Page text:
8 as the highest degree, one for having a diploma as the highest degree, and one for having a certificate as the highest degree. For each KCTCS outcome (degree, diploma, or certificate), the estimated change in earnings should be interpreted as the change relative to the same person s earnings before she completed the degree. This variable is discussed in more detail below. DEMOG is a set of demographic variables that change over time. Specifically, the variables are age and age squared (at the start of the quarter), as well as interactions of these two variables with a dichotomous variable for nonwhite. ENROLL contains four dichotomous variables: the first is equal to one when the individual is attending KCTCS and zero otherwise. This variable accounts for the opportunity cost (in terms of earnings) for students while they attend KCTCS. The second variable is equal to one after the individual has finished attending KCTCS. This variable accounts for any general post-schooling changes in earnings. The third variable is equal to one for the time period two quarters before KCTCS attendance, and the fourth variable is equal to one for the time period one quarter before KCTCS attendance. These two variables control for possible pre-kctcs dips in earnings shortly before KCTCS attendance. Figure 1 shows earnings patterns relative to KCTCS enrollment. The figure illustrates that an Ashenfelter dip seems to occur for award recipients in the two quarters before KCTCS enrollment. 3 Unlike most studies of labor-market returns to education, I include a set of person fixed effects (η). The person fixed effects, introduced by Jacobson, LaLonde, and 3 We do not include additional controls beyond two quarters for two reasons. First, the data show little evidence of earnings declines beyond that period. Second, there are only three different quarters of initial enrollment for our cohort of KCTCS students: summer 2002, fall 2002, and spring The inclusion of additional pre-kctcs enrollment controls would be perfectly collinear with our time fixed effects τ. 7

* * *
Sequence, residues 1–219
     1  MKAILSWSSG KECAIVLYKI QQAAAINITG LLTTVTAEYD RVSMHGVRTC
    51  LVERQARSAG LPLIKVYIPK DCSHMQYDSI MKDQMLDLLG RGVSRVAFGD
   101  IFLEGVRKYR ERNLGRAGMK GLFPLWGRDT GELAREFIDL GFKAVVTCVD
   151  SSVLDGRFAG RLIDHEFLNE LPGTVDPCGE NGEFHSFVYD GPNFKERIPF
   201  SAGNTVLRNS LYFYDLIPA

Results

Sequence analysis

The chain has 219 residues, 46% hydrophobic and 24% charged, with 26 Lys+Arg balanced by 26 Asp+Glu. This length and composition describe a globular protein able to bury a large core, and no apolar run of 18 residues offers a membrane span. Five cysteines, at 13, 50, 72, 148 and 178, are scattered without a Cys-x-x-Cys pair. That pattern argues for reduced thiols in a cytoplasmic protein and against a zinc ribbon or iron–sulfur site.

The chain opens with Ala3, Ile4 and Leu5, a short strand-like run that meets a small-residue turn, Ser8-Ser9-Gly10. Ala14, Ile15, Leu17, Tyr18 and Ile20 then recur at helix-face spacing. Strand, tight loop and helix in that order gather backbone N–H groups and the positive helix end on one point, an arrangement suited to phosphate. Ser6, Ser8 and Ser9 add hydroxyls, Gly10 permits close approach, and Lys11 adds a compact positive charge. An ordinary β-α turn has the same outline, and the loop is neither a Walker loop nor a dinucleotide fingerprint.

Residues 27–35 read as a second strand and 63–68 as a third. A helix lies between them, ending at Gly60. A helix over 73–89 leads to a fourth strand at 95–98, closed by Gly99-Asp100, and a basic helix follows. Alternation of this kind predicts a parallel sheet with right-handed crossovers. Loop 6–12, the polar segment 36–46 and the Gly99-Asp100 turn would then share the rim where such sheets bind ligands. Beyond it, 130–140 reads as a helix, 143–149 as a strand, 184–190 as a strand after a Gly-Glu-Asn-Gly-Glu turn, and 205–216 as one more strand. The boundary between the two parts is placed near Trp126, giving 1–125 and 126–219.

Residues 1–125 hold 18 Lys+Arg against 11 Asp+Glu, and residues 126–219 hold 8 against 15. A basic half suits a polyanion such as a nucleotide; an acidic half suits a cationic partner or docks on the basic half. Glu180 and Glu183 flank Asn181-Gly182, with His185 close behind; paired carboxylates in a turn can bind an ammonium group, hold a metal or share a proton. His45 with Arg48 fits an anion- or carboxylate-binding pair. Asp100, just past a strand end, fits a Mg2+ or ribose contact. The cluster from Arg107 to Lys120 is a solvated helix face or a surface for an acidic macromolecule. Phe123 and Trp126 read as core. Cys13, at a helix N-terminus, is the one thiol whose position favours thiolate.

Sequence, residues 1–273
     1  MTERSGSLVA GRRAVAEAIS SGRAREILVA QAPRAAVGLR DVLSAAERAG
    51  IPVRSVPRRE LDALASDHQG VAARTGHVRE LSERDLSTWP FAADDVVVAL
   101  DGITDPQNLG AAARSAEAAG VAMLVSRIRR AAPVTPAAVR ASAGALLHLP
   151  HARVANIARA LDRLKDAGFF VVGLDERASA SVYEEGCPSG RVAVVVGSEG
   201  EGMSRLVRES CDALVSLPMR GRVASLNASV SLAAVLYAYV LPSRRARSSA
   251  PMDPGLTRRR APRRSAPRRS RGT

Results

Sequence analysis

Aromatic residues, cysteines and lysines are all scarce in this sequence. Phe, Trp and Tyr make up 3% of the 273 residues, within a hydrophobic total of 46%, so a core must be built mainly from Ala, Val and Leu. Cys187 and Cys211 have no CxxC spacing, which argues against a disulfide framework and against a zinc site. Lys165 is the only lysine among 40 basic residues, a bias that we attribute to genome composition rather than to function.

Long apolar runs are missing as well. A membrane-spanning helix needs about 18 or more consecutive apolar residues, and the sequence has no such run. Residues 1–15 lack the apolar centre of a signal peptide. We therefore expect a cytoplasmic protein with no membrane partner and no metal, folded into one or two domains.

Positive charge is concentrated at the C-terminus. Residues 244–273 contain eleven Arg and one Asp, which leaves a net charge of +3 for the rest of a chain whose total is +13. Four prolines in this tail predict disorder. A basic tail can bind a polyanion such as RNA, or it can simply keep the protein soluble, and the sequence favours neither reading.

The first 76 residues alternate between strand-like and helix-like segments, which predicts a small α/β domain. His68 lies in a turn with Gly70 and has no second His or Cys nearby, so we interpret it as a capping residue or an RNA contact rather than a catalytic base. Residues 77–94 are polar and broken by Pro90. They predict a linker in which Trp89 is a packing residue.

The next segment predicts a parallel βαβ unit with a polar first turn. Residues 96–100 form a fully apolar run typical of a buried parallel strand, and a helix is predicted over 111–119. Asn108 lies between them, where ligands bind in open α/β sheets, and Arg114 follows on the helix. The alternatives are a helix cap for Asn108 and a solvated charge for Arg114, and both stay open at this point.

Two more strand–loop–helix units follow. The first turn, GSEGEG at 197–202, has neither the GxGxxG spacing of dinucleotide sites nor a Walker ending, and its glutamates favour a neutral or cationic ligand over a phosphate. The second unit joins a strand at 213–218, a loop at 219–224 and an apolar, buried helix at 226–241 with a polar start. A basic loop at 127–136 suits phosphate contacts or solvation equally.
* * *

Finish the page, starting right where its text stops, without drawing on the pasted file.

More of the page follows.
9 Sullivan (2005a, 2005b), capture all person-specific components that are constant over time, such as race/ethnicity or innate ability. In fact, the fixed effects can be thought of as the overall effect of all these time-invariant person characteristics. All such characteristics are captured in these variables, and they cannot be measured separately. The inclusion of the fixed effects has the advantage of controlling for time-invariant measures of ability and other factors that affect earnings and are correlated with community college schooling. It is a useful, alternative approach to other strategies such as instrumental variables for estimating the causal effect of education on earnings. The limitation of the fixed effects approach is the assumption that the pre-kctcs earnings are informative measures of earnings for workers with pre-kctcs levels of education. Due to this limitation, I exclude individuals who are less than 20 years old at the time they originally enroll in KCTCS. The model contains controls for each quarter (τ). The last component (ε) is the unobservable component of earnings, often called an error term. There are 28 quarters, from the first quarter of 2000 through the last quarter of Separate equations are estimated for men and women. Our primary interest is in, the coefficient on the three KTCS variables in equation (1). Again, these variables are defined as the highest degree received as of that time period. For individuals who do not receive a degree, diploma, or certificate during our observation period, these three variables are equal to zero in all time periods. For individuals with one of these outcomes, then the variable associated with the highest degree is equal to one after the degree is received, and the other two variables are equal to zero for all time periods. An associate s degree is considered the highest degree offered; 8